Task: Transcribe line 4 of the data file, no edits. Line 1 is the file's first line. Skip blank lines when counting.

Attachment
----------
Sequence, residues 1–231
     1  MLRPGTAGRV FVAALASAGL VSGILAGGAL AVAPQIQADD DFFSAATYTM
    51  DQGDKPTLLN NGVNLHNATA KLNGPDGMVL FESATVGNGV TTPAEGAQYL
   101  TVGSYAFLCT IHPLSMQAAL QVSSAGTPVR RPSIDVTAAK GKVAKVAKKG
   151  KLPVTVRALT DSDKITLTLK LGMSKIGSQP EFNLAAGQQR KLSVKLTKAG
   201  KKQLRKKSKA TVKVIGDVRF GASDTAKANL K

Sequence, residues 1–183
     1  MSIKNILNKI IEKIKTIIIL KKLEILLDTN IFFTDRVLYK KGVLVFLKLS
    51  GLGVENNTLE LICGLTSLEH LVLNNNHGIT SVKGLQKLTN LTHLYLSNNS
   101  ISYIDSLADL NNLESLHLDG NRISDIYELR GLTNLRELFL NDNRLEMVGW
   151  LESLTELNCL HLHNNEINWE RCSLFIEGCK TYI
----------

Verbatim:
   101  TVGSYAFLCT IHPLSMQAAL QVSSAGTPVR RPSIDVTAAK GKVAKVAKKG